Digital heartbeats: Part 2 of 2


Digital heartbeats in a traditional landscape: Part 2 of 2


Originally published in TFR magazine, SIBOS edition, September 2016


So, how can this be achieved? An extract from a report by Deutsche Bank Research [1] provides a key insight to the answer:


Internet firms throwing down the gauntlet to the banking world. In sections of the financial industry there are many web- and data-based financial products that customers cannot obtain from either their bank or a similar provider. This gives rise to a new competitive environment. Non-bank, primarily technology-driven providers are entering the markets for simple financial services. Regulatory differences are of course a major factor.


The recent entry by Financial Technology (FinTech) companies into the world of trade finance provides us with a set of skills and experience not hitherto available. However, barriers still exist and it will require a great deal of willingness on both sides for full digital transformation to be achieved.


The problems faced by financial institutions in the past are fairly well known but bear repetition. It has previously been highlighted that a key factor has been the inertia of tradition and a resistance to change combined with the difficulty of moving from paper to digital data.  One commentator has succinctly summarised this by pointing out that the advent of technology essentially took paper-based processes and turned them into semi-automated, semi-electronic processes, but the logic was still paper-based. [2] Slow and cumbersome budget processes based upon former operating models provide no obvious benefit and can, in fact, lead to short-termism with medium / long-term projects losing out to those that can provide an immediate return within 12 months. In addition, financial institutions are not always as agile as the FinTech sector and, in the main, take longer to bring a solution to market.


Whilst many of these issues may not be a particular concern for FinTech, this sector does face other concerns. Those who are currently involved in Trade Finance are fully aware of the growing issues that must be faced with regulatory, legal and compliance aspects of the business. Such experience and knowledge is not so readily available to those in the FinTech sector and must be carefully appraised. Furthermore, financial institutions have an existing client base that may not be easily accessible to new entrants and, despite the reputational hits that have been incurred since 2009, financial institutions are still trusted when it comes to trade finance.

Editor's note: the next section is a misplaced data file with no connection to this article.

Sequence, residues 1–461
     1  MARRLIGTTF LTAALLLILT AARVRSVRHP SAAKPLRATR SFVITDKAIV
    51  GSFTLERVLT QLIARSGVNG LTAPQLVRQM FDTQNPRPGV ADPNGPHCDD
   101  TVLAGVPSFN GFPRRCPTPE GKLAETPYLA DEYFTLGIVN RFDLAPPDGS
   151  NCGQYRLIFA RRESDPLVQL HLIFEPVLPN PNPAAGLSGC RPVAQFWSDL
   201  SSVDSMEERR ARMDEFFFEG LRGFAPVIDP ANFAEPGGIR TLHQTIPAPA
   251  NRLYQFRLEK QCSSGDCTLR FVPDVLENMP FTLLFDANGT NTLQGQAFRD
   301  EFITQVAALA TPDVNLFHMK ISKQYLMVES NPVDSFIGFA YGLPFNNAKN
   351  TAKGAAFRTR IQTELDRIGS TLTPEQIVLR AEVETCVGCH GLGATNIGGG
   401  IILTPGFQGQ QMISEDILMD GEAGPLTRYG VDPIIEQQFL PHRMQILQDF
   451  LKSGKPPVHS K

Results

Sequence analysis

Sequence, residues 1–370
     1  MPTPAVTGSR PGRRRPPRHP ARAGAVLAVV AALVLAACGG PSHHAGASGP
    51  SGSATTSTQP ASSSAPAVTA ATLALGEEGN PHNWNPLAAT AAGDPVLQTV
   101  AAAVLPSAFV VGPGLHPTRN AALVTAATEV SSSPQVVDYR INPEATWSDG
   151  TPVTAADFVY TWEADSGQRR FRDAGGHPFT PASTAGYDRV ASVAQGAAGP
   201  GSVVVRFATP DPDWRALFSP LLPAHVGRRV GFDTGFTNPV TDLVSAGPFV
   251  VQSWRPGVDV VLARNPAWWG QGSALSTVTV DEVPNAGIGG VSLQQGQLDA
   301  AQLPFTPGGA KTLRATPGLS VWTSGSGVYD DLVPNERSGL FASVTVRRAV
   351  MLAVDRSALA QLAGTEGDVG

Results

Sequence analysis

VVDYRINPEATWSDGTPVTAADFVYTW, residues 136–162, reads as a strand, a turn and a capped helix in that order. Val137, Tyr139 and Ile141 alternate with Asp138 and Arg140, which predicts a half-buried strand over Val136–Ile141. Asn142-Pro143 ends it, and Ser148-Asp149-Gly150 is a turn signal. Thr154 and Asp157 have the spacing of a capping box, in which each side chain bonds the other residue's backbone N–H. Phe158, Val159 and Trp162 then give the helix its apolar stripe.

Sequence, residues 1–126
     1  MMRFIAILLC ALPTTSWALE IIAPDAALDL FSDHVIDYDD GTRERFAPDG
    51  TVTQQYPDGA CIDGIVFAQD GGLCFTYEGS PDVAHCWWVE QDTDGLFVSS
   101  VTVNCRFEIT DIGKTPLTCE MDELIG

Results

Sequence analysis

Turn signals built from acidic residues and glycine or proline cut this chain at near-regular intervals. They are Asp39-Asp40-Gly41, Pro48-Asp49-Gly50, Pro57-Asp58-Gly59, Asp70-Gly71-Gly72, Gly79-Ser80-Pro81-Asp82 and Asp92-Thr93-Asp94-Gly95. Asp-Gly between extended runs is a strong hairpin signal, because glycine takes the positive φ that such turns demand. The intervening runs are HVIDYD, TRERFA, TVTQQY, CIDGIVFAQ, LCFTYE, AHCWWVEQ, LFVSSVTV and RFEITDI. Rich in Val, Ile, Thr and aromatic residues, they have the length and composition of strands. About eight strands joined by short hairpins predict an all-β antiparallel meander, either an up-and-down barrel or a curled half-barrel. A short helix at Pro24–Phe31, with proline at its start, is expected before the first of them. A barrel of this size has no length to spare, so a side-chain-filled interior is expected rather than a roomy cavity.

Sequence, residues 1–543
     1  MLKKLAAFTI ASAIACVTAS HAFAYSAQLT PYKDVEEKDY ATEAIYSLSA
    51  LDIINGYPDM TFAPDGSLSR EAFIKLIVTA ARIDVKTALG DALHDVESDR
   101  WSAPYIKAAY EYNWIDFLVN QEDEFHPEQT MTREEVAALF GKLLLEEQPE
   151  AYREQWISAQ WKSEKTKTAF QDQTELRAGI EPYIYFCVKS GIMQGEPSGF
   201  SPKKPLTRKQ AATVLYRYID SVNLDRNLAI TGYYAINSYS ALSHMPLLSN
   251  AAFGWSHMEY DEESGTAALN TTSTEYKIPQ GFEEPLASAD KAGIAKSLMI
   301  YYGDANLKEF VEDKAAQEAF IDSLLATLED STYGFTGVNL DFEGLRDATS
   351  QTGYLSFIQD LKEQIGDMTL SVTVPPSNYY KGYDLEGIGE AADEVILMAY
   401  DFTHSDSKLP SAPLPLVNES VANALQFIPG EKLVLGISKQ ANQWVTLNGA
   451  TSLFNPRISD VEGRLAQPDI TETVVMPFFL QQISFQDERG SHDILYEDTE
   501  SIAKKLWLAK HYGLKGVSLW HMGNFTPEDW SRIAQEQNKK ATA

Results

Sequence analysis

The key will be for both sectors to work collaboratively in building client-facing solutions that will take the industry forward.


Based upon recent developments, it is clear that a lot of attention will be focussed upon the Blockchain. An overview of Blockchain can be found in an earlier article. [3] The aforementioned IoT will need, by default, a ‘Ledger of Things' [4] and this is where Blockchain will play a key role.


In essence, it is a distributed (decentralised) ledger for validating and recording transactions with no need for a trusted third party: a ‘ledger in the cloud', a ‘trust protocol'. A network of computers validates, verifies and authenticates a transaction. Amongst many other things, this can facilitate transfer of ownership; ease the formulation of contractual agreements; digitally produce commercial, notarised, insurance and other types of documents and certificates. There would no longer be a need for two (or more) institutions to record and monitor a transaction, leading to a dramatic reduction in cost and time.


The digitisation of international trade and trade financing is now well underway, the inevitable result of a convergence of technological capability, commercial drivers and market adoption. Service providers, including trade finance banks, must make a strategic decision: commit to the development of digitised channels and propositions, or prepare to cede market share to a new generation of providers that have already seized the imperative to respond to market evolution in international commerce. [5]


As to when this all will happen, commentators provide varied estimates ranging from 2 to 10 years. Using a musical analogy, my personal perspective is that we are at the ‘punk-rock' stage: disruptive, challenging the status quo, all about attitude and achieving change, a ‘can-do' approach to upset the ‘inertia of tradition'. Punk rock took time and was denigrated by many at the time, but ultimately has influenced many disparate types of music and musicians.


Here's hoping the same happens in our industry!

[1] Fintech - the Digital (r)evolution in the financial sector, Deutsche Bank Research, November 2014.

[2] Blockchain Revolution Chapter 3, Vikram Pandit former CEO of Citigroup, May 2016

[3] What is Blockchain technology, David Meynell & Gary Collyer, TFR blog 9th October 2015,

[4] Blockchain Revolution, Don & Alex Tapscott, May 2016

[5] Digital Trade and Trade Financing, SWIFT & OPUS Advisory Services International Inc., May 2016

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